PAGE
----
Near the center of Beirut sits the heart of Lebanon’s startup ecosystem, the Beirut Digital District. It is mainly here that Lebanon’s entrepreneurs gather to pitch and develop solutions to problems that are uniquely Lebanese, and others that are less so.
The country’s entrepreneurship ecosystem today faces challenges that are not insurmountable, and there are opportunities that may not be quite the stature of a “unicorn”—the rapid ascent to a valuation of at least $1 billion—but are attractive and exciting nonetheless. Executive has examined the companies jostling for these opportunities in its profiles of this year’s batch of new startups, a survey the magazine conducts annually.
On the one hand, we see the ecosystem advancing and evolving in good ways. Interspersed with that is the fact that the entrepreneurship ecosystem is still incomplete. The sector’s most needed financial elements, in this magazine’s view, are more allocations of risk-friendly capital and better exit options, at the early and late stages, respectively, of a startup’s journey.
The ecosystem also needs stronger and more sophisticated regulatory support and improvement of rules, regulations, and arbitration. All stakeholders—from the ecosystem’s initiator, the central bank, to commercial banks and venture capitalists, all the way to entrepreneurs—understand the pattern and readiness to “fail fast,” but learn faster out of failures than anyone else, but this ethos has yet to be fully incorporated into the ecosystem’s cultural DNA. Lebanon’s first significant homegrown proof that entrepreneurship is indeed risky, the Bookwitty collapse, demonstrates the importance of improving the acceptance of failure, as much as it shows the perils of ego, and highlights the value of investing in sincere and honest dialog. This should be a priority for all stakeholders.
On the other side of our entrepreneurial landscape, Executive adds its voice to the call for increased commitments from academic institutions. We can see progress when we compare the involvement of universities today with two years ago, but, in the eyes of Executive editors, more could be done. It is crucially important for the future of the Lebanese economy that we develop and exponentially increase the ability of our entrepreneurs to nurture Lebanon’s digital economy transformation, and understand that tech entrepreneurship is the natural core driver for Lebanon’s transitioning into a digital future.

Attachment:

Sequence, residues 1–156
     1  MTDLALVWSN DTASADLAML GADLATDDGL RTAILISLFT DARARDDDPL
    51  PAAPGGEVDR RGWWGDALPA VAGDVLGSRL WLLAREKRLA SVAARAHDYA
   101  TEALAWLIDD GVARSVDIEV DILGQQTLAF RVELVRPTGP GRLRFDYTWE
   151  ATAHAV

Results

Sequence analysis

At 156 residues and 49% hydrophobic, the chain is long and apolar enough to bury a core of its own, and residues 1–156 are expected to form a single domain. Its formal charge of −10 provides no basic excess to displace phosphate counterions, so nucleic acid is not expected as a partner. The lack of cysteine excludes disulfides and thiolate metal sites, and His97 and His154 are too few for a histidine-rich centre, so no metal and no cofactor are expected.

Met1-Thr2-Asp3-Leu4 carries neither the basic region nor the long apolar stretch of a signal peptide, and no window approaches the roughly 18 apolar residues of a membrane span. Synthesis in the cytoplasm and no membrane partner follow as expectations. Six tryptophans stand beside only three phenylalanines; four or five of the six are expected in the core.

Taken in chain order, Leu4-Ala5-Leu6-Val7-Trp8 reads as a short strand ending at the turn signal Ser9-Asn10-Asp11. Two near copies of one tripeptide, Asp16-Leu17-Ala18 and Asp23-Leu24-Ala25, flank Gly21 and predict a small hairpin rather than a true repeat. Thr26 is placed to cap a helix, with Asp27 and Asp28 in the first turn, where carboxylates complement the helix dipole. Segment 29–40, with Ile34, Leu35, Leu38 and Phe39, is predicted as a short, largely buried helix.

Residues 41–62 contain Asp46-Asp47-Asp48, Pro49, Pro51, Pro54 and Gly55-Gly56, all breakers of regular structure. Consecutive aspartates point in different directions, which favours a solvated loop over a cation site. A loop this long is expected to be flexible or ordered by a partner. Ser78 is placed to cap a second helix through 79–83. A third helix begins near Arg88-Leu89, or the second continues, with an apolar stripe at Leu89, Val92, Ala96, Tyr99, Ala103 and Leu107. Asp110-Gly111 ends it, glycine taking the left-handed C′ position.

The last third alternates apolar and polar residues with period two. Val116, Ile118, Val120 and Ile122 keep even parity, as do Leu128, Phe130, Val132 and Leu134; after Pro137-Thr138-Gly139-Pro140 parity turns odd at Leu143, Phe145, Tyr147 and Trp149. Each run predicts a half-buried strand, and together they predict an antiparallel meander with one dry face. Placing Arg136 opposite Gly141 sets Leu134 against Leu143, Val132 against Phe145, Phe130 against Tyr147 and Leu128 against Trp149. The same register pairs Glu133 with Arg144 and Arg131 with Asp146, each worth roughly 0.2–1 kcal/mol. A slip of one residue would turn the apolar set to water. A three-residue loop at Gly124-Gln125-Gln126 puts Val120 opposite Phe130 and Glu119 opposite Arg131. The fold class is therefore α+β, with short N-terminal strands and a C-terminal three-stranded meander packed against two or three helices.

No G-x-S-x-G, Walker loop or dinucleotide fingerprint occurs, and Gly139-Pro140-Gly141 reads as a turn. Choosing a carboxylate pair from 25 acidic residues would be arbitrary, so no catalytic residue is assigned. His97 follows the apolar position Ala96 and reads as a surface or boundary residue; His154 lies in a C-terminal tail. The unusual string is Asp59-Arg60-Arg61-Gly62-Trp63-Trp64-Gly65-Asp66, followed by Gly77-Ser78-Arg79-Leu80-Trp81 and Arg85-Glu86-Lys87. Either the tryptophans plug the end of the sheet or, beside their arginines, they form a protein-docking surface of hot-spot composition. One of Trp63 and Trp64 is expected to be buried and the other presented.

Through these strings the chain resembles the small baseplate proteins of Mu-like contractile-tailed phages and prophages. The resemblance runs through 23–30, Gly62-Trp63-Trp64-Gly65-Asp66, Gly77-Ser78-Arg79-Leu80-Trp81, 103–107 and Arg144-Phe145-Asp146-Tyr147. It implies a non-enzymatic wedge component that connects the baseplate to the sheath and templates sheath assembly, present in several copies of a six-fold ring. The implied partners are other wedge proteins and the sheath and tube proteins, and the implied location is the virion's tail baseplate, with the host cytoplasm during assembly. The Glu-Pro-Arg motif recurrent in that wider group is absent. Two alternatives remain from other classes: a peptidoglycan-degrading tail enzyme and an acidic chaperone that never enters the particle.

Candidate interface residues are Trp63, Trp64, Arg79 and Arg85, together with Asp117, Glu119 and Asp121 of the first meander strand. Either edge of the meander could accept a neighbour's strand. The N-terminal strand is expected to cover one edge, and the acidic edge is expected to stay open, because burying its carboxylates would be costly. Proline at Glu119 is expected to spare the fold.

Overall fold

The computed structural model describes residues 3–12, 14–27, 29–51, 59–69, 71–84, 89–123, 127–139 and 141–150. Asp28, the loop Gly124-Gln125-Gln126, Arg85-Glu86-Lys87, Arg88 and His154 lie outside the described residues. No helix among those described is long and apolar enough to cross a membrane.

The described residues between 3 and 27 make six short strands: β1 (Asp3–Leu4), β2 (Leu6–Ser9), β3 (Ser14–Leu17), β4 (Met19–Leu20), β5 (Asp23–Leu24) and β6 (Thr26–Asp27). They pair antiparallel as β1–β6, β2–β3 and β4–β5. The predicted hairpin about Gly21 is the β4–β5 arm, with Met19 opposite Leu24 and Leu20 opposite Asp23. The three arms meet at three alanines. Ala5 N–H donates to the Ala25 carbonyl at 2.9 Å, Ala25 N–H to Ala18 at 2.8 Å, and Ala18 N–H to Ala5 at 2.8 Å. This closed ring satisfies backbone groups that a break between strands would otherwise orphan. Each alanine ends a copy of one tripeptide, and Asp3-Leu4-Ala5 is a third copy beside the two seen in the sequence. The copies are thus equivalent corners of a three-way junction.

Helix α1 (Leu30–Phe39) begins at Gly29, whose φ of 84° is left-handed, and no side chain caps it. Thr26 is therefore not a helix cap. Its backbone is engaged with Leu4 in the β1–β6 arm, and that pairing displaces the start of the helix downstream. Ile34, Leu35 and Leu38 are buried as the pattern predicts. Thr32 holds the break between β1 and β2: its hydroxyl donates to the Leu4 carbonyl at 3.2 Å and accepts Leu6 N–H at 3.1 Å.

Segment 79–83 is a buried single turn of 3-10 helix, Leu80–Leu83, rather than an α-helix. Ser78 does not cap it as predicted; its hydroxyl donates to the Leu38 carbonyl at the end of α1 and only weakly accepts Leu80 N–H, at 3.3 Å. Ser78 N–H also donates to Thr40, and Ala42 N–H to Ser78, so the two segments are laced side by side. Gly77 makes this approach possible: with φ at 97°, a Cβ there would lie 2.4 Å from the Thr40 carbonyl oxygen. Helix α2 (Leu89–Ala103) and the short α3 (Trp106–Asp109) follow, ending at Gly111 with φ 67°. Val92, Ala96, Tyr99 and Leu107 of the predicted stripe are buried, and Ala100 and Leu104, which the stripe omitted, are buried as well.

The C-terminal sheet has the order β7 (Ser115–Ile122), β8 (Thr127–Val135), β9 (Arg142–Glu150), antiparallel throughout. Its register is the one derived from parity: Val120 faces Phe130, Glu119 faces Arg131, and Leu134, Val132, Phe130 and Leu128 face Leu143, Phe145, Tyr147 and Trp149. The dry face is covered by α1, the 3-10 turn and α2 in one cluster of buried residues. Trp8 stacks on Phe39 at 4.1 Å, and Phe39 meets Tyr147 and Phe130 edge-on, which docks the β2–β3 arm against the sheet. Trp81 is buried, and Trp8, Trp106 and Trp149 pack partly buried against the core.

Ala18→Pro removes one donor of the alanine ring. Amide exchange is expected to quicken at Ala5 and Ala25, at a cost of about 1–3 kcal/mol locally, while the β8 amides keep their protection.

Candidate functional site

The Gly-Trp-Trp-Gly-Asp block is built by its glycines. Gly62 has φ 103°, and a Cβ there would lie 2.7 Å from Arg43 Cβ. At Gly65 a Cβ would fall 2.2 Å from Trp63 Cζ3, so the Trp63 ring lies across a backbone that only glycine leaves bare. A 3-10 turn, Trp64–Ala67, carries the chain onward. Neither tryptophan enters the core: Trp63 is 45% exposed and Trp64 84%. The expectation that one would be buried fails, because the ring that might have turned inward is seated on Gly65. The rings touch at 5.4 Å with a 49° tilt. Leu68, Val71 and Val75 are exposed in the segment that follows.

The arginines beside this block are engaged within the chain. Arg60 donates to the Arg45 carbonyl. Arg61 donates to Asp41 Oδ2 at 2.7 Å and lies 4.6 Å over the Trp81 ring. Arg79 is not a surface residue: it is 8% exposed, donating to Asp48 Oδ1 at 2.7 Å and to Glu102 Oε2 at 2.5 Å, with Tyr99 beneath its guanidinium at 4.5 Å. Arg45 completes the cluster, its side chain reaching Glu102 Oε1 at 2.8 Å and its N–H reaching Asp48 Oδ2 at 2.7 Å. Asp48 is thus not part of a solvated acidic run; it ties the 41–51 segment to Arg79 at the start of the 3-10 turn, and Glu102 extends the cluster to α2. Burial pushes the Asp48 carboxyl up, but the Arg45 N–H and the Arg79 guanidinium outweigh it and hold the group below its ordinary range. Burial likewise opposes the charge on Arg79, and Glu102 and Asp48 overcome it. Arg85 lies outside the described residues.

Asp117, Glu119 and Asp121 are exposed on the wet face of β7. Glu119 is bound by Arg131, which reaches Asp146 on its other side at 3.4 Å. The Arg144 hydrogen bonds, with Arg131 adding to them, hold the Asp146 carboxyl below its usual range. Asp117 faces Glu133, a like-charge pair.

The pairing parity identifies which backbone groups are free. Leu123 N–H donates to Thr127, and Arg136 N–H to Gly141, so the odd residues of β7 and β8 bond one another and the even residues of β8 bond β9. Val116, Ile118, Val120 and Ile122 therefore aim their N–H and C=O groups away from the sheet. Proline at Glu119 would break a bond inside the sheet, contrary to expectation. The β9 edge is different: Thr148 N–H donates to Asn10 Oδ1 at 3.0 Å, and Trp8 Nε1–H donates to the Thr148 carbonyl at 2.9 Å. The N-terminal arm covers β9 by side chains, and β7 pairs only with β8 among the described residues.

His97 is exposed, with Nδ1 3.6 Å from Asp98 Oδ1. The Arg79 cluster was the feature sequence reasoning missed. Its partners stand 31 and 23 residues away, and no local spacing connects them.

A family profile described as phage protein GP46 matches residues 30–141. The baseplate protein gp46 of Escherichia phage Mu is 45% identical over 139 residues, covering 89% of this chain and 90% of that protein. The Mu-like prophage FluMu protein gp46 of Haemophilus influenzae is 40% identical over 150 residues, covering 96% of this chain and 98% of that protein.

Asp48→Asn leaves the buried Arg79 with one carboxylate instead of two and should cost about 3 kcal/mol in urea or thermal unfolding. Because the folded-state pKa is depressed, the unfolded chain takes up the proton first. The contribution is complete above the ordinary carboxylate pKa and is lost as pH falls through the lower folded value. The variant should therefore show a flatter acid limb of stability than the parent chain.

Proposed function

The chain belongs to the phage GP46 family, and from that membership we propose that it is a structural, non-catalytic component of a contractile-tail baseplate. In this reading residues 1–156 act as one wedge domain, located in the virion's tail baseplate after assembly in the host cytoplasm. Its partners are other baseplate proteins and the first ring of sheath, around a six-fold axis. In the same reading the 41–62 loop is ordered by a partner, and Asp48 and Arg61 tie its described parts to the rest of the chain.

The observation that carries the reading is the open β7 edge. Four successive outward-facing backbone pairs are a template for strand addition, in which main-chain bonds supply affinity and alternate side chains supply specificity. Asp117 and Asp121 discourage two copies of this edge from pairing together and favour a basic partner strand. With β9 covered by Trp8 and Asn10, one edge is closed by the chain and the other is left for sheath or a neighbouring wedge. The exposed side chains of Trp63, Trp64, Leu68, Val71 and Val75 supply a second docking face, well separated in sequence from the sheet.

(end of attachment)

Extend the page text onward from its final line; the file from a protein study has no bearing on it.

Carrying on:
The urgency of transitioning the Lebanese economy into a digital economy has been acknowledged, but there must be renewed vigor and support on the part of the state. While we have seen some progress—for example an e-transactions law that should help expand Lebanon’s online commerce—there is still much to be done.
The next government, yet to be formed when Executive went to print, must renew efforts to upgrade infrastructure necessary for the success of local startups, the ecosystem as a whole, and Lebanon’s transformation to a digital economy. Public stakeholders have indicated support for the digital economy and building infrastructures, but this can really only happen if Lebanon has a government equipped to meet its obligations to the country and national economy, and not the parochial interests of some actor, party or group.
The digital economy, just like the entrepreneurship ecosystem, will surely develop better going forward if the impulse to cohesion is emphasized over and above that of ego and partialities. If, instead, young Lebanese entrepreneurs can bury any such lingering mentalities and turn them into the legacy corporate environment and public sector decision making, then the ecosystem can aspire to be a cultural rocket with the power to propel the national transformation into a digital economy—a transformation much needed for Lebanon, in 2018 and beyond.
There are indications, or stated intentions at least, that a civil registry, health card digitization, and other examples of digital infrastructure rollout are coming. But long overdue initiatives also linger—such as the Beirut Stock Exchange’s electronic trading platform, an overhaul of the Capital Markets Authority’s regulatory capability to oversee capital markets, as well as legal frameworks and judiciary infrastructures to enable the digitization of the economy.
It is also necessary to reassure the private sector, and further connect it with the digital economy. One project that could solidify the relationship is the planned national data center, which is still undergoing technical preparations as a public-private partnership. This center, and other projects, would allow the private sector to expand the mindset that considers the digital economy not an impossible mission, but something that Lebanon has the human capital to work on and achieve.
Lebanon has so much knowhow in the digital sphere and ITC sector that could be applied to the transformation to a digital economy, but it has not fully realized or applied this expertise at home. There is some political will within the government, from certain actors, but overall this political energy is still lacking. All state entities need to work together to continue nurturing the ecosystem and set the country on a path to digitalization. On this path, there is much to be done.